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Let’s Replace “Resistance” with “Objection”

I propose that we replace the concept and word of “resistance” with the concept and word of “objection” in the change management industry. To date, we have cavalierly used “resistance” to characterize the people who don’t choose to go along with our change management plans. These people “resist” us for reasons that have been well documented in books, blogs and articles. But these people deserve more credit than this.

My first career was in the field of behavioral health. I practiced it, taught it and supervised it for over 15 years. My specialty was family therapy, which is systems-theory based and interaction-focused. The family therapy field realized that diagnosing a person as resistant to change – as would a psychoanalyst – carried a whole package of negative consequences. Both the professional who used the term and the patient suffered. In addition, the concept of resistance was not useful. It told the professional nothing practical to do next.

I credit identification of the problems of resistance to a friend named Steve deShazer, who helped millions from his modest office in Milwaukee, Wisconsin. In 2004, Steve published the landmark article “The death of resistance,” which led the behavioral health industry to rethink its use of the term “resistance.” (I should add that Steve encountered lots of objections to his revolutionary thinking.)

Thinking about resistance in my current career as an internal Lean and Six Sigma consultant, I decided it might be helpful if we had an alternative to the concept and terminology of resistance. So I suggest that the appropriate replacement is “objection.” In other words, consider that instead of saying “the employees resist change” we’d say “the employees object to change.”

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Imagine a typical business problem. The management appoints a consultant to fix a problem that is bleeding the company’s resources. The project team, which often is made up of middle managers rather than customer-facing employees, devises a plan. This plan typically affects the employees. We call this change management, which, in theory, allows us to scientifically plan how we present our plan to the affected employees. In practice, change management often results in shrinking the change so that it can be better tolerated by the affected employees. We hope to arrange it so the employees won’t object.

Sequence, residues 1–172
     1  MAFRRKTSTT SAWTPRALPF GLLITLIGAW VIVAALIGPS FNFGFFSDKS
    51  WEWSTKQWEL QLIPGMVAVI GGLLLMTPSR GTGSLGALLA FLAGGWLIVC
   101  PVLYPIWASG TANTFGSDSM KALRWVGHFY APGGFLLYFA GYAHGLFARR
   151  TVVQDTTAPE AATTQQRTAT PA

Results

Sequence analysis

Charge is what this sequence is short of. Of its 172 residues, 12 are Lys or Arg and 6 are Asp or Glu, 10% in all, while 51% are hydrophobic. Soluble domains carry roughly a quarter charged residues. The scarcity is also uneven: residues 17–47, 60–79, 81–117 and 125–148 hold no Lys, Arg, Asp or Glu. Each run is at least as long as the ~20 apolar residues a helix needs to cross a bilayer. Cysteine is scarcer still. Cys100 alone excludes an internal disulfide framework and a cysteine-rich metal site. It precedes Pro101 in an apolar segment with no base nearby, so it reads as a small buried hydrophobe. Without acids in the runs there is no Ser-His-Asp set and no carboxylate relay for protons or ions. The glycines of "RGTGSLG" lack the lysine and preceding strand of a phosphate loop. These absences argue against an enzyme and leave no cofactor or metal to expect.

Unfortunately, those involved in change management often see themselves as separate – and as smarter – than the employees who actually do the work. This posture is inevitably noticed by the employees and, naturally, they respond in ways allowed by the company’s culture. In other words, they may not simply tell the manager, “This is a stupid idea.” We have enthusiastically observed the common employee response and called it resistant, borrowing this pseudoscientific and pejorative term from psychoanalysis and distancing ourselves from the interpersonal hostility. Employees probably have names for us, too, which may well include words like “pushy” and “autocratic.” The connotation of all these words, including resistance, is non-cooperative.

I think it’s time that we change leaders take more responsibility for leading good changes in which people don’t call each other names. When we respect the workers, we are true to Lean principle of respect for people (Emiliani, 2003). We start by abandoning the words – and concepts – of “resistant” and “resistance.” Instead, let’s consider how to lead change in a way that prevents objection to it.

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This requires only basic good leadership. For centuries, good leadership has involved transparency, participation, engagement and honesty. When we embrace these ideas and lead change according to these principles, name calling – and objection to change – is minimized.

I have found that it helps to understand responses to change messages as a form of communication about the sender and the message itself. Non-cooperative responses usually mean that leaders failed to listen and pushed their agendas instead of promoting a participative solution. This is the idea behind Peter Senge’s (2000) phrase: People don’t resist change. They resist being changed. In my words, people don’t object to change, they object to being changed.

Try out living your professional life without resistance. Think about what messages you are sending and receiving about change. Consider people’s responses to you as messages about your messages – and you.

The real trick is how to prevent the situations in which one group calls another group names. Fortunately, good leadership and good interpersonal skills show us how to behave. I recommend some insightful new work in this area by business consultant Les McKeown (2012). His recent book describes a personal style called the “synergist,” which can be hired or learned.

References

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